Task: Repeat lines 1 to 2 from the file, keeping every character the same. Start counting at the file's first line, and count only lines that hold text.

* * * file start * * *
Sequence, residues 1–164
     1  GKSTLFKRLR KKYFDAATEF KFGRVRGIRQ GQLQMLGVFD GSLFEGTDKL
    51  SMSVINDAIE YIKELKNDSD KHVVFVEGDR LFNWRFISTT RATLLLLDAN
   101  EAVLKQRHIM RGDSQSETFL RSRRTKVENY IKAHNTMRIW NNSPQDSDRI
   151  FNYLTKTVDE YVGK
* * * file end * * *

Sequence, residues 1–164
     1  GKSTLFKRLR KKYFDAATEF KFGRVRGIRQ GQLQMLGVFD GSLFEGTDKL